The European Commission has improved by one tenth its estimates of economic growth for Spain for the next two years, to 1.6% in 2020 and 1.5% in 2021 (1.5%). In their analysis of winter economic forecasts, they argue that this upward revision is due to the fact that “the expected slowdown of the Spanish economy in the second half of 2019 was lighter than expected, due to a small recovery in private consumption”. Thus, the quarterly growth of Spain’s GDP was 0.4% in the third quarter and 0.5% in the last quarter, one and two tenths more than projected in the autumn forecasts. The Commission points out several reasons why it improves its forecasts, including that private consumption should be sustained by the increase in real disposable income and by the moderation in the household savings rate. In addition, he hopes “that the investment will recover the forecast horizon after a weak end of 2019, in line with the final demand.”
Also, in its macroeconomic forecasts, the Community Executive has also revised up one tenth upward its estimate of growth of the Spanish Gross Domestic Product (GDP) for the end of 2019, up to 2%, one tenth more than what the past had calculated November. With this update, Brussels’s growth projections for these three years coincide with those contained in the new macroeconomic chart of the Spanish Government, presented last Tuesday after approving the budget stability path and the expenditure ceiling that will serve as a basis for the Budgets Generals of the State of 2020.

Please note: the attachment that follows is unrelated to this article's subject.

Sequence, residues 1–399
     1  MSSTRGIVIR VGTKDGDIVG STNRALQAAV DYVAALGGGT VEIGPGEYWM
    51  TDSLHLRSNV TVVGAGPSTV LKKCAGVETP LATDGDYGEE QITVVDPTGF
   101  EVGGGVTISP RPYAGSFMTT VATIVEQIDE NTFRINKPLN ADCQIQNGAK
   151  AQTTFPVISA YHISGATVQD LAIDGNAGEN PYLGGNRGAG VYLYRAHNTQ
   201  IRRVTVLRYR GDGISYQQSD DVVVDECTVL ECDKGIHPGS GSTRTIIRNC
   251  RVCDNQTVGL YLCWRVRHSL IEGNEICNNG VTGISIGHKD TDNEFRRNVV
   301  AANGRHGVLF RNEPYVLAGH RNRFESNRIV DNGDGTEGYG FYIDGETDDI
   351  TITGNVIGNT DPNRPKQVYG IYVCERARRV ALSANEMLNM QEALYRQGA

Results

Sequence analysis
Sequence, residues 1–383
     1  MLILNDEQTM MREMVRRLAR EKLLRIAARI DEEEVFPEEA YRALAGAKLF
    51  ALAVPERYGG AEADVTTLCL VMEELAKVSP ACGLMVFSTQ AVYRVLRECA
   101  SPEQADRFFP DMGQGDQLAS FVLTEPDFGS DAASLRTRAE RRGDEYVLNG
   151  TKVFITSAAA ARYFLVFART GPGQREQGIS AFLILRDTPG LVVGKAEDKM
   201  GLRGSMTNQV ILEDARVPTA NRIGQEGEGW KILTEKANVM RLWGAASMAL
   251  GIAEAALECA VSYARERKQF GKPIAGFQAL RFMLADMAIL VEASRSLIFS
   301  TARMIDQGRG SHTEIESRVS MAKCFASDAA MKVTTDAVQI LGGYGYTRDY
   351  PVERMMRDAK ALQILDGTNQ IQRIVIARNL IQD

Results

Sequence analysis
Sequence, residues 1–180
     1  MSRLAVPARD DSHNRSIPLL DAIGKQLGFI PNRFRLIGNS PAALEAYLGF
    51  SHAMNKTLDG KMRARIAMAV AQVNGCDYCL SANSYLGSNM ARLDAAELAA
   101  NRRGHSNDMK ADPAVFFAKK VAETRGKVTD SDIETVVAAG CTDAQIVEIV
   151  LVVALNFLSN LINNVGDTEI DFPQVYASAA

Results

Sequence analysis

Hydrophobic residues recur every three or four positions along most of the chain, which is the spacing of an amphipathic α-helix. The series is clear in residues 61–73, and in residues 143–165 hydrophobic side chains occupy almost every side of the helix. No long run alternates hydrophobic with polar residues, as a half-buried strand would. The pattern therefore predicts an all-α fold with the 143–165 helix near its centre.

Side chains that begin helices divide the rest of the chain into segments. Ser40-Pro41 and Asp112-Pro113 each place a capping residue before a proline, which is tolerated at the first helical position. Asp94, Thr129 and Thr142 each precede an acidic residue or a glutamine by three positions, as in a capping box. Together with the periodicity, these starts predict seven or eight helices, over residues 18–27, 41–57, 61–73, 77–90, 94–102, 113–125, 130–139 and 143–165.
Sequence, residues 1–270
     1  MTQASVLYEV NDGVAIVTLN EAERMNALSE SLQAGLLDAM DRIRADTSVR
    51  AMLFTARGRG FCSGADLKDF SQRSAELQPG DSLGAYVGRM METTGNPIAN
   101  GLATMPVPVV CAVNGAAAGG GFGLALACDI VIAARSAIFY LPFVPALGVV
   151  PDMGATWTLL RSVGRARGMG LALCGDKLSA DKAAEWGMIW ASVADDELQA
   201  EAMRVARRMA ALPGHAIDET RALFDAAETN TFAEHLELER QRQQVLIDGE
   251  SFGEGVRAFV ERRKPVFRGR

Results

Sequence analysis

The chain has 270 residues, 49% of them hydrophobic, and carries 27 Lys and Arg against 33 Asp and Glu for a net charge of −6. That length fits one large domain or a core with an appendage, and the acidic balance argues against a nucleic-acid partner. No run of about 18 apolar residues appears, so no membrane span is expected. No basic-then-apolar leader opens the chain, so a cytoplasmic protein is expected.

Among its conclusions, the European Commission anticipates that the contribution of the foreign sector will decrease throughout this year and will be “generally neutral” in 2021, as export growth slows down and imports “accelerate”. With regard to inflation, the economic services of the Community Executive estimate that it closed in 2019 at 0.8%, one tenth less than expected a few months ago, and will grow to 1.2% this year and 1.3% in 2021, because the evolution of the price of oil will be offset by a gradual increase in core inflation.
As for the forecast for the eurozone, the EC places it at 1.2% for the next two years, while for the European Union as a whole it will be 1.4%. “The outlook for Europe’s economy is stable, but discreet, growth over the next two years,” said European Economy Commissioner Paolo Gentiloni in a statement, who said that with these estimates the eurozone “will extend the period long expansion since the launch of the euro in 1999. ” This report explicitly warns that the coronavirus epidemic is “a new downside risk” with its implications for public health, economic activity and trade, “especially in China.”